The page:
The review: Bottega Louie in downtown L.A.

Restaurant Critic

Passersby stand and stare at the spectacle inside the palatial Brockman Building at the corner of 7th and Grand. Floor-to-ceiling windows put the whole shebang that is Bottega Louie on full display: gray-veined marble floors, imposing pillars and a ceiling high enough that Cirque du Soleil trapeze artists could do their thing. Some of the more decorative touches look like a collaboration between Louis XV (Louie?)and Gianni Versace.

Grand? Did I say grand?

In the dining room with its sea of tables, a quilted Chanel bag is slung over a chair next to a baby stroller, with baby. A downtown hipster flashes his fully illustrated arm as he reaches across the table for a slice of pizza. A table of highly styled nerds at the back erupts into laughter, clinking glasses.

Who wouldn’t gawk, though, at the sight of so many people eating so much food, arms waving, trying to shout above the fray? Or the expanse of stainless steel kitchen where eight, nine, 10 -- count ‘em -- cooks are working furiously, sending out stacked sheaves of romaine (the Caesar salad), butter lettuce freckled with balsamico and stacked and strewn with candied walnuts (the Modena salad), slabs of meaty lasagna and he-man portions of osso buco?


Bottega Louie takes abbondanza to heart with an all-Italian menu served in generous portions at moderate prices -- with plenty of service. The kitchen gets the food out fast, which is why the restaurant can feed 800 on a weekend night. OK, it’s not the best Italian food in town, but it’s generally fresh and pretty good, and you can’t beat the quality-price ratio. Plus, it feels like you’re somewhere special, not just stuck at a table in the corner of yet another nondescript trattoria.

Be forewarned: The noise level at Bottega Louie is punishing. It’s generally a full house, even on a weeknight. And here that would mean, oh, 150 or so guests, plus more in the bar, and a few urban stragglers checking out the array of take-out food (tired-looking and expensive). Ah, but the pastries look adorable lined up in rows: eclairs striped in minty green, dainty little lemon tarts, berry tartlets. Thimble-shaped canelé, slender cupcakes and croissants glisten in the glass case near the bar.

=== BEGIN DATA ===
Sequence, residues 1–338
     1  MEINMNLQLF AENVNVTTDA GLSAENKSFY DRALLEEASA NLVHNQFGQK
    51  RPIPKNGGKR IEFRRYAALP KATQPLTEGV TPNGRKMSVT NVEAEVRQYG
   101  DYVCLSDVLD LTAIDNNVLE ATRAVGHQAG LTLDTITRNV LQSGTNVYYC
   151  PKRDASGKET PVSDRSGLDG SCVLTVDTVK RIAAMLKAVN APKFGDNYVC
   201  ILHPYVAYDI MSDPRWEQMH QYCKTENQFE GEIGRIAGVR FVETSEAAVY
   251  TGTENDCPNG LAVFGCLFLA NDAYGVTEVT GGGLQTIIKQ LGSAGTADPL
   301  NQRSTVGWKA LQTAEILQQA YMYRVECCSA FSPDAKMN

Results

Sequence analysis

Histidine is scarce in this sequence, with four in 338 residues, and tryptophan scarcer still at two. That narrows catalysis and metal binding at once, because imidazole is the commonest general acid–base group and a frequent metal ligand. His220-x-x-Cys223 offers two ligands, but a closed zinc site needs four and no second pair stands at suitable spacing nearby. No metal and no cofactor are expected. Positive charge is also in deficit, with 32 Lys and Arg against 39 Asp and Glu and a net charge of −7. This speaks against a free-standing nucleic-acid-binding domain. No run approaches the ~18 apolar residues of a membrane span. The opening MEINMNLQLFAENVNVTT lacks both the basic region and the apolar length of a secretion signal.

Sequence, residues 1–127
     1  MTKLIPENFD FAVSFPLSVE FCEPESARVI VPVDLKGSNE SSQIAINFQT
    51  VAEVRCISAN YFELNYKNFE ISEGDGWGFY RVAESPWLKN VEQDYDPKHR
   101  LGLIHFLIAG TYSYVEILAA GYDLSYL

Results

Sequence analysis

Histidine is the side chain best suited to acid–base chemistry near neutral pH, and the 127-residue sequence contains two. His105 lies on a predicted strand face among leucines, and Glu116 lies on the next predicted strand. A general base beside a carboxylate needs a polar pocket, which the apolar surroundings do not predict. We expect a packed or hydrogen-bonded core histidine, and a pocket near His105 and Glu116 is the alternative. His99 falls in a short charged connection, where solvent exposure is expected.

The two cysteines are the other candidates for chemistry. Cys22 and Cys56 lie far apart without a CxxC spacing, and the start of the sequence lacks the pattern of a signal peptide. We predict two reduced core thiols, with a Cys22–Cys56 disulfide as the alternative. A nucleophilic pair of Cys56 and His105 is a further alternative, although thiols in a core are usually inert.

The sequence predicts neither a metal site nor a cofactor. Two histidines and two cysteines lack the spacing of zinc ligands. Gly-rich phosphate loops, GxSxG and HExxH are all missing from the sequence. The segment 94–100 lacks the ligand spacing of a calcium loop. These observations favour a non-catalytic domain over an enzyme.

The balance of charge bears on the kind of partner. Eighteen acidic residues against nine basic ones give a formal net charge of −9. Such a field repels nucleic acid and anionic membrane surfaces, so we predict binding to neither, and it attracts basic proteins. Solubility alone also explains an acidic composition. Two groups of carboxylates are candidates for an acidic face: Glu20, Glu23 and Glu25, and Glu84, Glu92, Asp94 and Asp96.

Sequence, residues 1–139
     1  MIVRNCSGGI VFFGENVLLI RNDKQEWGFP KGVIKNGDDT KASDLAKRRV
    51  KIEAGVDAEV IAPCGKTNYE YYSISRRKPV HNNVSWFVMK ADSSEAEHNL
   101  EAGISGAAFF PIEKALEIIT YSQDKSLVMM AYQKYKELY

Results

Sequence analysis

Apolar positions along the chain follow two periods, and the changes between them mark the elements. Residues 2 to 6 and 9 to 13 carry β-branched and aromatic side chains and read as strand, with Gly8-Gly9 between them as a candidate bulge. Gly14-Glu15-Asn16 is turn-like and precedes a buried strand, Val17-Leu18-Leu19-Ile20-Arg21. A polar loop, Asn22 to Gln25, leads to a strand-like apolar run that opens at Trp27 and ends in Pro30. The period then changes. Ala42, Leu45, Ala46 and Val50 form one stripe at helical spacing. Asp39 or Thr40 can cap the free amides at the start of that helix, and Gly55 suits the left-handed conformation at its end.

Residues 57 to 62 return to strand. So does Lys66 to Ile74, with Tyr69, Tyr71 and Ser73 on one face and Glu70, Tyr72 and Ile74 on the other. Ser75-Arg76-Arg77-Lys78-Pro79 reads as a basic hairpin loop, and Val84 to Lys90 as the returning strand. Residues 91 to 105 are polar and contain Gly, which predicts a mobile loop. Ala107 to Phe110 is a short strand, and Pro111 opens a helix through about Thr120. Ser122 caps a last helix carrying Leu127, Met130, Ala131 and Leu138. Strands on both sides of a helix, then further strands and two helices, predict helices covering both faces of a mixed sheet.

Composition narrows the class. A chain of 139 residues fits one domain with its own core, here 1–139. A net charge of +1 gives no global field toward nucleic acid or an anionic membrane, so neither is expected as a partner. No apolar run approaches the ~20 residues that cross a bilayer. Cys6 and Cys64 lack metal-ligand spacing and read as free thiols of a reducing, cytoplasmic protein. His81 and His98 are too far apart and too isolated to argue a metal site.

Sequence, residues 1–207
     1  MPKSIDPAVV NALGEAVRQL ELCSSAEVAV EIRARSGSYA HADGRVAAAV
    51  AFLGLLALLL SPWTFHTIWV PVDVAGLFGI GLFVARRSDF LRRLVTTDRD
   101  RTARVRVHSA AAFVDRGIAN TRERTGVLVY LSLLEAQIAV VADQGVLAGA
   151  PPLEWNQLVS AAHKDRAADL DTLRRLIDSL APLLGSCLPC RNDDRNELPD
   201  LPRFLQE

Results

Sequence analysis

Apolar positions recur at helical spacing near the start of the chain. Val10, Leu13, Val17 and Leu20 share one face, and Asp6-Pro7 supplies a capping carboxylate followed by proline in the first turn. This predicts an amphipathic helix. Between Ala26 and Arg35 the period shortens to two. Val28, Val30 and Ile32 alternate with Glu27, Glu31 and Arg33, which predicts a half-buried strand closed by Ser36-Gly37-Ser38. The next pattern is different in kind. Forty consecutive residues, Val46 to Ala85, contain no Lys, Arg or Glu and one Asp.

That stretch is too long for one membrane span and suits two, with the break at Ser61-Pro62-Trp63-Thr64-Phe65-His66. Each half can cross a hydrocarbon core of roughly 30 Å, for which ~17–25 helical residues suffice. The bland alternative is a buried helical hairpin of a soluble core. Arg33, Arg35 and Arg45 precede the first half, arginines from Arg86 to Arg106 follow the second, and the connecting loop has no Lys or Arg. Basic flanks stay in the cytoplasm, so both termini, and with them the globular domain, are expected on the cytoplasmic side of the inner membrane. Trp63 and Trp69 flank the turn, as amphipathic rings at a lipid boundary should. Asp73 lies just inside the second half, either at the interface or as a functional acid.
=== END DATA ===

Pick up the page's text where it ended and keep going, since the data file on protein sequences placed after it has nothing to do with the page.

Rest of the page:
No reservations

A strict no-reservations policy means there can sometimes be a wait -- maybe 10 minutes on a weeknight and up to two hours at prime time on a weekend. In that case, repair to the bar for a cocktail or a glass of wine, take in the performance in the open kitchen, and look over the large one-page menu.

First of all, order one of the $14 pizzas, each of which must be 14 inches across, not your diminutive dinner plate-size models. They’re thin-crusted and spare on the toppings in the Italian style, not particularly inventive but fine. All the usual suspects are available -- Margherita, sausage, pepperoni, even a clam pizza with cheese. I’d give them a solid B.

If you plan on having a main course, don’t get carried away with the appetizers. Salads could each easily feed two or three, more if you’re sharing several dishes. The Caesar, Modena and Louie salads are all good. The latter isn’t a shrimp Louie. It’s a tasty mix of chilled iceberg lettuce with hearts of palm, avocado and some cooked shrimp in a Dijon vinaigrette. Some of the other salads, though, tend to be overdressed.